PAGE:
First time on an e-bike

In the words of a specialized instagram post: gear on, screens off.

photo by Nick Kova

B’ys, it was a fun ol’ time hanging with Specialized Bicycles for a few days. They hosted me, along with many other more-important-than me writers that flew in from all over the USA (Men’s Health, BikeRadar,, Motor Trend) to come out to Palo Alto for a few days and test out their newest launch, the Turbo Vado pedal assist electric bike.

This sounds silly, but I feel like I’m living in a magical land of sorts living in Silicon Valley. I’m still in awe of everything I see. The other day I spotted the Netflix headquarters and was all: WHOA! Seriously. The world is changing so quickly, and now I’m on a press-trip with these magazines I’ve always seen on news stands? It’s unreal and it blows my mind.

Having no idea what to expect from an electric bike, I can tell you it’s definitely hard to get back on a regular one after using this one the past few days.

They certainly invited some fantastic people on this trip (totally not patting my back here haha!!) What a great group of press. I had the best time, the best belly laughs, high fives, and good convo’s.

Look, I’m not going to get into the technical details of the ebike because quite frankly you can find better sources out there who will get into greater detail about its construction and how it works. For me, I love telling you stories, about the adventures and the day we had on it.

A day in Silicon Valley, on the Specialized Vado.

It’s kinda weird hopping on an ebike for the first time. A little heavy feeling especially if you want to move the rear of the bike when standing around. However, pedaling you quickly get used to it, and when you hit that turbo button (there’s 4 settings: Eco, Sport, Turbo and… Off), boom you’re off light a light. Start pedaling and there you have it, you’re immediately going 3x faster than you normally would. It’s addictive, and so is the horn.


And I might have been a little obnoxious with it, holding down the horn speeding past some of the crew and wanting to say “so long suckerrrrrrrrrrrrrrrs!!!!”. One guy suggested I even head back home with it, down the road. Hey, I thought about it! Lol.

photo by Nick Kova

The Vado is definitely capable of serving so many riders. Firstly, you have to think of it as a bike first as it’s still a regular bike with a bit of help from the motor. It rides like a normal bike, only faster. The few hours that we were out, flew by. I didn’t break a sweat, but my arse was definitely sore. Guess it didn’t help that I’m not used to cycling more than an hour at a time, and I wore jeans, too. I have to say, spending time with such an awesome crew, and laughing totally made up for my poor butt being so sore.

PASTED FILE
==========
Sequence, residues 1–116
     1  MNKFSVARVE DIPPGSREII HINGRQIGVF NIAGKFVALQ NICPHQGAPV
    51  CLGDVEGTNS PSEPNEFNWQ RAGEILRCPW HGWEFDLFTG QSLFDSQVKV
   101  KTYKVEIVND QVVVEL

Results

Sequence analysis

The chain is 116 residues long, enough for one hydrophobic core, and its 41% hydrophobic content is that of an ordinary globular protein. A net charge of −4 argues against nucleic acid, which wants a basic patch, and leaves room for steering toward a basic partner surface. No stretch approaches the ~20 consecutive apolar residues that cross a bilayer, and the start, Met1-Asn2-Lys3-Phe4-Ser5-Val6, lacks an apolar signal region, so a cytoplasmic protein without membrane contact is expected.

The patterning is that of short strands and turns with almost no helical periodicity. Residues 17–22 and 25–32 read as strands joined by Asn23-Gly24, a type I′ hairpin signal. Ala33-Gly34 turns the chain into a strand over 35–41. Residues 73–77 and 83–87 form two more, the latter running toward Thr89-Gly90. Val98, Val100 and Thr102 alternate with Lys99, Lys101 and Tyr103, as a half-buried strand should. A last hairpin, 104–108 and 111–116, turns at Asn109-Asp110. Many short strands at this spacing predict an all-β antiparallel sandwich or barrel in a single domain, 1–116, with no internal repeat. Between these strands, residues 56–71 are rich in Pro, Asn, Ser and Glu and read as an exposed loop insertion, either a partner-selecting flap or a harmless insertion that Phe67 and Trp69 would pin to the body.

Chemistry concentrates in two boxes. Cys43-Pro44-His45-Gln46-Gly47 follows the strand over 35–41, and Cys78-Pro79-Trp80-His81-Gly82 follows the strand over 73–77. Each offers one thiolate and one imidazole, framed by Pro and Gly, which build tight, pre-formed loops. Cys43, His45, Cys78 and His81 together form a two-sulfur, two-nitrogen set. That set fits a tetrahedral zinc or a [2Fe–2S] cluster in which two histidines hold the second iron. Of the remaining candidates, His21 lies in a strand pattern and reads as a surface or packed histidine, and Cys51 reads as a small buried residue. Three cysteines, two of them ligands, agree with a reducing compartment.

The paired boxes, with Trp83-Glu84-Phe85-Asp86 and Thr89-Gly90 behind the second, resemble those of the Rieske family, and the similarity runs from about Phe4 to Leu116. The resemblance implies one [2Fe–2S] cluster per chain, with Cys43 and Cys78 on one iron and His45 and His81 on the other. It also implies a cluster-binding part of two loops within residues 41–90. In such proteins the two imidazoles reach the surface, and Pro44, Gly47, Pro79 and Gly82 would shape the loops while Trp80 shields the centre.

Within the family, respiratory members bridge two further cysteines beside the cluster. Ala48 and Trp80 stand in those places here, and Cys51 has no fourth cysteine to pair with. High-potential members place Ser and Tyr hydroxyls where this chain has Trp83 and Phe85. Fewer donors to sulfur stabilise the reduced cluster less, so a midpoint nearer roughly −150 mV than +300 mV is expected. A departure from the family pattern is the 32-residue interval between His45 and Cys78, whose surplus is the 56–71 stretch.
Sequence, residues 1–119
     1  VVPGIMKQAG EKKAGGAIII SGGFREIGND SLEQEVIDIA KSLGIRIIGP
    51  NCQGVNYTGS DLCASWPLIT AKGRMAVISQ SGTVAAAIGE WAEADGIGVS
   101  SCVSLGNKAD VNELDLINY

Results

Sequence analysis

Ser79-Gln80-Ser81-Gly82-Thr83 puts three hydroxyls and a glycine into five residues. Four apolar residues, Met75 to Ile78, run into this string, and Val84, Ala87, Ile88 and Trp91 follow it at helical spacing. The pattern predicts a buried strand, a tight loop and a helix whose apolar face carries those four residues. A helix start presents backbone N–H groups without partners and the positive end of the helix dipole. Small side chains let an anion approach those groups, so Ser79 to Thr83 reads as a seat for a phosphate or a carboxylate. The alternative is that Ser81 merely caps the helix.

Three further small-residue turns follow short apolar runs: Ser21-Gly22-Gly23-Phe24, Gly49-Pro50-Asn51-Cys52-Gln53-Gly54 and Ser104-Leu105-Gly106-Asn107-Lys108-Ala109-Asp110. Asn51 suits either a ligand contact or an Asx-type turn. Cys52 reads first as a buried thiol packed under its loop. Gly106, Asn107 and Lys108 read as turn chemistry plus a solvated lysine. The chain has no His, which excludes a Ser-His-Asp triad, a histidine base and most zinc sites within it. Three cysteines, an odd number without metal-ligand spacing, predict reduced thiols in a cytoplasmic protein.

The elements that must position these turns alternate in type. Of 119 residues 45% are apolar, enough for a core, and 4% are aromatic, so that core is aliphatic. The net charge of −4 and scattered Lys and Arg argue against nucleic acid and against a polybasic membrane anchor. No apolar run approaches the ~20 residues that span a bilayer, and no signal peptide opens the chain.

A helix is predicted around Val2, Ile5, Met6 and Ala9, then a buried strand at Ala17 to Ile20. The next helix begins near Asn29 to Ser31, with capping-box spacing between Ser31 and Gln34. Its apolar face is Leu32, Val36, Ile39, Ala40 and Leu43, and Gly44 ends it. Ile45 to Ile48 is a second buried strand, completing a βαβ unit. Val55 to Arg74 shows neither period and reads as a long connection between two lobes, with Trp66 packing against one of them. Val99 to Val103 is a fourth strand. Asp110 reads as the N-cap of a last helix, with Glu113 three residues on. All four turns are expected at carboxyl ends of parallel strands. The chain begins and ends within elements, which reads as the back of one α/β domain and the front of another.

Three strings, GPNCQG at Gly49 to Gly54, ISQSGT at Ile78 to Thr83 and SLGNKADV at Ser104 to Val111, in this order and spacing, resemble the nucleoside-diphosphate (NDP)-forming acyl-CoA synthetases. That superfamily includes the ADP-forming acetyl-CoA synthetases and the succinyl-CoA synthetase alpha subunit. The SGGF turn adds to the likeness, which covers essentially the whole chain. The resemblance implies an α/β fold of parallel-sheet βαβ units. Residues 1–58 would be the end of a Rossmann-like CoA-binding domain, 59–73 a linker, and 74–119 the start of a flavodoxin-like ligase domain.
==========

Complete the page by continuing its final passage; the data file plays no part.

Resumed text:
The first day on the bikes we took a grand tour of what it’d be like for an average commuter to head out on their bike and head to work. 2 hours in, one journalist dude joked “are we at work yet? This is a long commute”. See what I mean? I don’t know, maybe it doesn’t come across as hilarious when I write it, but when I remember the moment I thought it was the funniest thing ever.

photo by Nick Kova

I totally want to go on that route again so on the ride, I was keeping a mental note in the back of my head of where we traveled all over my new home of Silicon Valley. We cycled through so many fancy neighbourhoods, from tech-hub Palo Alto, to rich-ville Los Altos, and even around the immaculately pristine gardens of Stanford campus.

photo by Nick Kova

Having it on turbo mode the entire time, I felt confident entering intersections as I knew I’d be through it 3x faster than I would on a regular bike. It also feels so much more stable balancing it, so you don’t have to put a foot down immediately at a red light.

What blew my mind, was that we went up a number of hills, but I was still sitting down on the bike seat, and making minimal effort to race up the hill and still maintaining a decent pace. The bike is designed with commuters in mind, for them to allow to get to work quickly without breaking a sweat. On the way home from work if you want a more athletic fitness experience, simply turn off the motor, and away you go. As Mike put it, if you’re a slow cyclists, you’ll be slow on this bike. If you’re a fast cyclist, you’ll be fast on this. Basically:

It’s you, only faster.

Some friggen fun I gotta say. On a trail up in Palo Alto we had 15 second intervals of going down the trail by ourselves (because the photographer was waiting for us, to take individual shots). I tried pedaling as fast as my legs would allow, to see how fast I could make this thing go. 40 clicks! 42km/hr is how fast I flew on the bike. Madness.

Funny story, I was a few minutes late for the product presentation and I showed up and sat in the back with the Specialized folks, rather than the journalists. A man walked in, who I hadn’t seen yet on the trip. I stood up, introduced myself:

“Hi, I’m Nancy! What’s your name?”

Still not knowing it was Specialized Founder, Mike Sinyard I then asked him if he was from around here and where he lived. He chuckled at me a bit and said Morgan Hill (where Specialized HQ is). I said “Oh cool, I’m local too in San Jose.” The convo ended and he headed up to the front to do an intro to the presentation, and low-and-behold he was introduced as CEO, of Specialized. HA!!! Isn’t that nuts? He’s such a wicked and nice guy too, and same with everyone working there regardless of their status at their job.

They definitely hired amazing staff, I tell ya. That same day, we went out on our 30 mile bike ride and at a stop sign at one point, I thought my Vado stopped working (lol) because I couldn’t move! I looked back and here was Mike holding the back of my bike. So, definitely a few jokesters in the group, including the founder.

Thanks for the fun adventure, Specialized!

photo by Nick Kova
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